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Accounts from Incomplete Records
We have so far studied accounting records of firms, which follow the double entry system of book keeping. This gives us an impression that all business units follow this system. However, in practice, all firms do not maintain accounting records strictly as per the double entry system. Many small size enterprises keep incomplete records of their transactions. But, they also have to ascertain the profit or loss for the year and the financial position of the firm as at the end ofthe year. This chapter deals with the ascertainment of profit or loss and financial position of the firm that have not been maintaining records as per double entry bookkeeping or whose records are otherwise incomplete.
11.1 Meaning of Incomplete Records
Accounting records, which are not strictly kept according to double entry system are known as incomplete records. Many authors describe it as single entry system. However, single entry system is a misnomer because there is no such system of maintaining accounting records. It is also not a ‘short cut’ method as an alternative to double entry system. It is rather a mechanism of maintaining recordswhereby some transactions are recorded with proper debits and credits while in case of others, either one sided or no entry is made. Normally, under this system records of cash and personal accounts of debtors and creditors are properly maintained, while the information relating to assets, liabilities, expenses and revenues is partially recorded. Hence, these are usually referred as incomplete records.
11.1.1 Features of Incomplete Records
In complete records may be due to partial recording of transactions as is the case with small shopkeepers such as grocers and vendors. In case of large sized organisations, the accounting records may be rendered to the state of incompleteness due to natural calamity, theft or fire. The features of incomplete records are as under :
(a) It is an unsystematic method of recording transactions.
(b) Generally, records for cash transactions and personal accounts are properly maintained and there is no information regarding revenue and/ or gains, expenses and/or losses, assets and liabilities.
(c) Personal transactions of owners may also be recorded in the cash book.
(d) Different organisations maintain records according to their convenience and needs, and their accounts are not comparable due to lack of uniformity.
(e) To ascertain profit or loss or for obtaining any other information, necessary figures can be collected only from the original vouchers suchas sales invoice or purchase invoice, etc. Thus, dependence on original vouchers is inevitable.
(f) The profit or loss for the year cannot be ascertained under this system with high degree of accuracy as only an estimate of the profit earned or loss incurred can be made. The balance sheet also may not reflect thecomplete and true position of assets and liabilities.
11.2 Reasons of Incompleteness and its Limitations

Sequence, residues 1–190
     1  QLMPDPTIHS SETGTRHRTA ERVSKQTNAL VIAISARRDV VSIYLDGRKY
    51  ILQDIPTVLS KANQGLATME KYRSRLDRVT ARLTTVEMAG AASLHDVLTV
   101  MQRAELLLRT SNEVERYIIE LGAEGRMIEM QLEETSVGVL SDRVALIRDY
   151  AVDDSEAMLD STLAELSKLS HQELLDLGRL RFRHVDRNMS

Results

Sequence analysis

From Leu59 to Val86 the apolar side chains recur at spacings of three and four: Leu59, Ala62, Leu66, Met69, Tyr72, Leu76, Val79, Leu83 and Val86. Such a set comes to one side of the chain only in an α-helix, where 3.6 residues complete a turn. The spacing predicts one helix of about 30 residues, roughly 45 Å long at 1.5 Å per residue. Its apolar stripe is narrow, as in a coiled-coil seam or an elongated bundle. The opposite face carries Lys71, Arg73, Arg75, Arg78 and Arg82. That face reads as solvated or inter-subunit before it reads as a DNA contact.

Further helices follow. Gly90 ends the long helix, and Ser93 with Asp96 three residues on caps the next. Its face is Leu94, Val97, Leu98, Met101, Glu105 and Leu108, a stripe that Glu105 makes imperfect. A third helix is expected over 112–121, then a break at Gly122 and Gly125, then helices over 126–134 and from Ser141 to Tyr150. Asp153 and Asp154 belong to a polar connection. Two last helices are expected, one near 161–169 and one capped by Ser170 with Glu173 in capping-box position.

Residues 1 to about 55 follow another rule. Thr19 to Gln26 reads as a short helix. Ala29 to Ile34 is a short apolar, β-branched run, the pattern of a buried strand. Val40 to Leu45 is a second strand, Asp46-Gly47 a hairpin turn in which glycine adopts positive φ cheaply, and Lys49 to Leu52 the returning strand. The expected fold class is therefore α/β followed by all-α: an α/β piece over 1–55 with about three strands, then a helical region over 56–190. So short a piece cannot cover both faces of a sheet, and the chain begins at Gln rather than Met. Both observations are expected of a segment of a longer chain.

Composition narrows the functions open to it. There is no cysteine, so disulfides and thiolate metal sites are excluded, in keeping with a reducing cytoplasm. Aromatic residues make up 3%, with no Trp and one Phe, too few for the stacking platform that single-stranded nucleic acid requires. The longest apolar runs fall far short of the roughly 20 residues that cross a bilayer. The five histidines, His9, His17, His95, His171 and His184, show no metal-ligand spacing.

It is observed, that many businessmen keep incomplete records because of the following reasons :
(a) This system can be adopted by people who do not have the proper knowledge of accounting principles;
(b) It is an inexpensive mode of maintaining records. Cost involved is low as specialised accountants are not appointed by the organisations;
(c) Time consumed in maintaining records is less as only a few books are maintained;
(d) It is a convenient mode of maintaining records as the owner may record only important transactions according to the need of the business.
However, the mechanism of incomplete records suffers from a number of limitations. This is due to the basic nature of this mechanism. Broadly speaking, unless a systematic approach to maintenance of records is followed, reliable financial statements cannot be prepared.
The limitations of incomplete records are as follows :
(a) As double entry system is not followed, a trial balance cannot be prepared and accuracy of accounts cannot be ensured.
(b) Correct ascertainment and evaluation of financial result of business operations can not be made.
(c) Analysis of profitability, liquidity and solvency of the business cannot be done. This may cause a problem in raising funds from outsiders and planning future business activities.
(d) The owners face great difficulty in filing an insurance claim with an insurance company in case of loss of inventory by fire or theft.
(e) It becomes difficult to convince the income tax authorities about the reliability of the computed income Questions for Practice
1. State the meaning of incomplete records?
2. What are the possible reasons for keeping incomplete records?
3. Distinguish between statement of affairs and balance sheet.
4. What practical difficulties are encountered by a trader due to incompleteness of accounting records?
1. What is meant by a ‘statement of affairs’? How can the profit or loss of a trader be ascertained with the help of a statement of affairs?
2. ‘Is it possible to prepare the profit and loss account and the balance sheet from the incomplete book of accounts kept by a trader’? Do you agree? Exlain.
3. Explain how the following may be ascertained from incomplete records:
(a) Opening capital and closing capital
(b) Credit sales and credit purchases
(c) Payments to creditors and collection from debtors
(d) Closing balance of cash. Numerical
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